“Questions? Observations? Misgivings?”
Forming the final entry in her debut season as Donmar AD, The Physicists continues Josie Rourke’s realignment of the Donmar’s artistic policy. And as with Making Noise Quietly, it is into previously unknown areas for me as this play was written in 1962 by Swiss playwright Friedrich Dürrenmatt (although Rourke commissioned a new version here from Jack Thorne), someone I’ve never previously heard of. Wikipedia informs me he was a proponent of epic theatre but what it translates to here is a tragi-comedy with a farcical first half, which darkens to a more serious second which reflects its Cold War origins.
It starts off like the punchline to a joke: three nuclear physicists are in a mental asylum. Herbert Georg Beutler, who believes he is Sir Isaac Newton, Ernst Heinrich Ernesti who is convinced he is Albert Einstein and Johann Wilhelm Möbius who has regular visitations from King Solomon. It emerges that the first two have murdered their nurses and that Möbius seems set to follow suit, but as the reasons for their actions slowly become apparent, it is clear that something greater is at stake here.
Rourke marshals her cast well: John Heffernan continues his rise to becoming one of our finest leading men with a fine performance as the genuinely troubled Möbius, Sophie Thompson is barely recognisable as the hunchbacked psychiatrist Mathilde von Zahnd (surely some relation to Agatha Trunchbull…!) whose machinations keep the asylum running, and John Ramm and Miranda Raison each do well in supporting roles though it is a shame Raison doesn’t have more to do as she is fantastic. As the other two madmen, Justin Salinger and Paul Bhattacharjee have less impact, but as the tale unfolds it soon becomes clear why.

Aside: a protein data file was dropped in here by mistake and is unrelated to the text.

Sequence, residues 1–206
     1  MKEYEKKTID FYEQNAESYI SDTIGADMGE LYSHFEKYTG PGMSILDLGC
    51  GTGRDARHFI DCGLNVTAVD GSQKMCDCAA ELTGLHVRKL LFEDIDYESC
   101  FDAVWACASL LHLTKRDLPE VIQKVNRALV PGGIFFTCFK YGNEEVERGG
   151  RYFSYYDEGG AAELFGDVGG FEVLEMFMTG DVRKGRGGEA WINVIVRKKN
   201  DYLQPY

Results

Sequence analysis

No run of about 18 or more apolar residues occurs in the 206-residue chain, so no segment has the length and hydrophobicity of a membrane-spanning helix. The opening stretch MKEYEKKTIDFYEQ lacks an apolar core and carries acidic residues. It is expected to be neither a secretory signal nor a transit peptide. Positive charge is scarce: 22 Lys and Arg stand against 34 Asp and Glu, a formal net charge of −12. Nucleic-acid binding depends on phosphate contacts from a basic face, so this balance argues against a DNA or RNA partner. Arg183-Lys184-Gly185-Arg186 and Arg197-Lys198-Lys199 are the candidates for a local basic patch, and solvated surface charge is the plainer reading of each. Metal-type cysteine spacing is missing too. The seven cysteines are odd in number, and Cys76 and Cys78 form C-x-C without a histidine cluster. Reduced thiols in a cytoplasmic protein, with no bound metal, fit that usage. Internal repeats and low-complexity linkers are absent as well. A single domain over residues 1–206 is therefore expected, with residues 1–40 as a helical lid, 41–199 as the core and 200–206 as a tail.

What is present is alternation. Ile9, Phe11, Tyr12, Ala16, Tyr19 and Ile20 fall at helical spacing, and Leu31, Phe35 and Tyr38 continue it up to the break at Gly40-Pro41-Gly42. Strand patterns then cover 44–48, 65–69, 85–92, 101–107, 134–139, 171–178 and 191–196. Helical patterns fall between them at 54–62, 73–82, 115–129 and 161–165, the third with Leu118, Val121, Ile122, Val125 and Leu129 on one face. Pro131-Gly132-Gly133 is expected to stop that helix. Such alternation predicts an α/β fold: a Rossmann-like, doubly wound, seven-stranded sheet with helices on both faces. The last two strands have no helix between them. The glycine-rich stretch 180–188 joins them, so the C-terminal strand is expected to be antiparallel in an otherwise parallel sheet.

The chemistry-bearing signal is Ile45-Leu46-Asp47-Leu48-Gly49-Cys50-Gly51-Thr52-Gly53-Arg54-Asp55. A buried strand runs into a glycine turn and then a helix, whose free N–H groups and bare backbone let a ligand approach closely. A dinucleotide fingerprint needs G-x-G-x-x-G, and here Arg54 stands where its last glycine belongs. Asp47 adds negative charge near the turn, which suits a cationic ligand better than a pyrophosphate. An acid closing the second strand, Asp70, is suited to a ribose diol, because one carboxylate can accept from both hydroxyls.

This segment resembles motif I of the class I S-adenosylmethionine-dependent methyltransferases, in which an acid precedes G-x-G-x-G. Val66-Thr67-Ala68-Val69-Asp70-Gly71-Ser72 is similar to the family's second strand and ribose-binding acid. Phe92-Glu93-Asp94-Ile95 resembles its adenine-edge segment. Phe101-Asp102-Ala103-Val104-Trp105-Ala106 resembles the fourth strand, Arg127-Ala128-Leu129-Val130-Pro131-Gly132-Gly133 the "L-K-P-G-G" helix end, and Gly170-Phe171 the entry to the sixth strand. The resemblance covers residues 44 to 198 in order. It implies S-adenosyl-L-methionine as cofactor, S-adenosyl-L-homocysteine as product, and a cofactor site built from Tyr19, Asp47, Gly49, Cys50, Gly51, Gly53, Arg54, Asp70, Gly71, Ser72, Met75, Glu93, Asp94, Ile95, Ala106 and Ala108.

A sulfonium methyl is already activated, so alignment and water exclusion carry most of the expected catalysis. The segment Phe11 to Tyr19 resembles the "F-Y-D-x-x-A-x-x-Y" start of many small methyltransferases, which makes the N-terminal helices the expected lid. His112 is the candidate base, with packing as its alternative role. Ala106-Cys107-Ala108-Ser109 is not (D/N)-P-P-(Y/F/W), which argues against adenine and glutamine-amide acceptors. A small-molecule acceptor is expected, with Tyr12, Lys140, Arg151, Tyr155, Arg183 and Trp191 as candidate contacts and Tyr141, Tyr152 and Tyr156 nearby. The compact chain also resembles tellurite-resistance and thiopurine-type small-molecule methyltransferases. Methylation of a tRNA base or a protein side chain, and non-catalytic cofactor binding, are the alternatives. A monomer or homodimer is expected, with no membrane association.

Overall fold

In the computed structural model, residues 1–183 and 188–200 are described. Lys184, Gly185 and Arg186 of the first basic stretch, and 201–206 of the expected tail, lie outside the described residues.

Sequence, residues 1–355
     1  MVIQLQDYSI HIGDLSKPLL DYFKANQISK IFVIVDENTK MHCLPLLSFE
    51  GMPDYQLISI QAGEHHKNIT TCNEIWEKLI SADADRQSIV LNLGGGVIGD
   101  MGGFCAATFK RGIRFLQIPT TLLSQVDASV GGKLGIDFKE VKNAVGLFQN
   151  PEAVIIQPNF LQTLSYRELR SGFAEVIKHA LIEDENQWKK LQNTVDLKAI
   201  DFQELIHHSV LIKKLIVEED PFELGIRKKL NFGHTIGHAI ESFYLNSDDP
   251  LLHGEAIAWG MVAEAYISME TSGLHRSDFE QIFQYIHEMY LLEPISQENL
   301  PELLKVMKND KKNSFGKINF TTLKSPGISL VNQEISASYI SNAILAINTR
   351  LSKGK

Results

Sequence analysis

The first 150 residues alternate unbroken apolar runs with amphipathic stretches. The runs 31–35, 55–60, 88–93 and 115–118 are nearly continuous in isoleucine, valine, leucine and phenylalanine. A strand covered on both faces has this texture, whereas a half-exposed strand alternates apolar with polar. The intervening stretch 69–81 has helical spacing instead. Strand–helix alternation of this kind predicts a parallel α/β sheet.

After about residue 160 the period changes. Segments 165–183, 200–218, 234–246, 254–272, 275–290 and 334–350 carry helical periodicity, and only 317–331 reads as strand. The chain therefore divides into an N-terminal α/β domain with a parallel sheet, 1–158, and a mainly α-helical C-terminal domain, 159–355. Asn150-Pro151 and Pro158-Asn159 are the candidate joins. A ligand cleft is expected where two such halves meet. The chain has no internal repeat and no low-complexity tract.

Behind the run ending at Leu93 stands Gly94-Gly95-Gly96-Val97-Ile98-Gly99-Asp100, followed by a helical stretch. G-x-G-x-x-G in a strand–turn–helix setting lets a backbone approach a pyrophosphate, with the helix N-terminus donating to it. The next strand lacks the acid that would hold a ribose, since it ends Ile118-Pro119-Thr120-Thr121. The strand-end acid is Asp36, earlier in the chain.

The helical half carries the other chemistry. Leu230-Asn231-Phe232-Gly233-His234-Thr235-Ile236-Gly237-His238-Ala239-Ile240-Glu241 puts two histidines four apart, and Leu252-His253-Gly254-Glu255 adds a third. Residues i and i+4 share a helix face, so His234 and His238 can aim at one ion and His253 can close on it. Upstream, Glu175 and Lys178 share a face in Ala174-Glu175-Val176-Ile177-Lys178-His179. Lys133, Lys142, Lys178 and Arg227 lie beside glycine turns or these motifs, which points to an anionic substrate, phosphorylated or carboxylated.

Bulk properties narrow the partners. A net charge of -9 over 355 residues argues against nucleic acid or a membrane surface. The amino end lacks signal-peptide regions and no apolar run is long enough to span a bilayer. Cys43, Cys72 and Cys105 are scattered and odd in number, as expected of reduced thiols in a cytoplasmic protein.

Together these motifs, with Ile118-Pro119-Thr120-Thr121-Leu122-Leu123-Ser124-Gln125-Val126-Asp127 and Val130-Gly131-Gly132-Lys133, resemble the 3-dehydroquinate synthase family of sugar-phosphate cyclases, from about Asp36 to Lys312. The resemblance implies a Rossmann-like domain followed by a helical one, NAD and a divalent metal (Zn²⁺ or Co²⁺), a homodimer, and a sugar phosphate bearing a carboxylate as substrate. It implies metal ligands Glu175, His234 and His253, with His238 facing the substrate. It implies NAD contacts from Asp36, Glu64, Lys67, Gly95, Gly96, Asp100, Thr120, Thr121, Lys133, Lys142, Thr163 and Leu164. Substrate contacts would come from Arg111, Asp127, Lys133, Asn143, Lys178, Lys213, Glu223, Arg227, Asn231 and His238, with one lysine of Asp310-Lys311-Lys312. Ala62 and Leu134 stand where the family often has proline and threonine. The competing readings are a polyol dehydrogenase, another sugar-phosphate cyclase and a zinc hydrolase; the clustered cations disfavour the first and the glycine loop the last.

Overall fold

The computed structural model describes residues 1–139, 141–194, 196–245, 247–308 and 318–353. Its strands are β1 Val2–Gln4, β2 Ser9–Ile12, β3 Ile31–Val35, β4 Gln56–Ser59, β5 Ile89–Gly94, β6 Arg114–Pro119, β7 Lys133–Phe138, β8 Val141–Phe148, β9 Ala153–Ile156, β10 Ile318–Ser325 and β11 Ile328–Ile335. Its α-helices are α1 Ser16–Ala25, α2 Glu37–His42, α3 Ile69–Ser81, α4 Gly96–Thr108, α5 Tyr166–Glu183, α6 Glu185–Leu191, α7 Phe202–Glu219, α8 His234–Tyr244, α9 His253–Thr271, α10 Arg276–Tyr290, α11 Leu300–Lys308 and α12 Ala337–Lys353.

It then therefore becomes a shame that the shift in the play comes so late with the discovery of what is really happening as the debate turns to matters of the responsibility that accompanies significant scientific revelation. This crucial moment is long-delayed and so when it comes, its intellectual impact is muted by the lack of room to expound fully, dramatically it forces a change of mood that Rourke cannot quite balance, and ultimately there’s no disguising the fact that its central issue about the nuclear threat is one which just does not carry the same impact as it would have done whilst the Cold War still raged.
Rob Jones’ set, dominated by multiple doors, looks strikingly elegant and absolutely fit for purpose. And Rourke is remarkably even-handed with her eye candy treats, Raison looks smokingly hot in her nurse’s outfit but later we are treated to two strapping young men in the tightest trousers known to mankind – something for everyone! Ultimately, I think I was a little disappointed by the unevenness of the play, although I was definitely in the minority in our group but if nothing else, it goes to show that under Rourke, the Donmar looks set to be somewhere rather unpredictable and I have to say I kinda like that idea.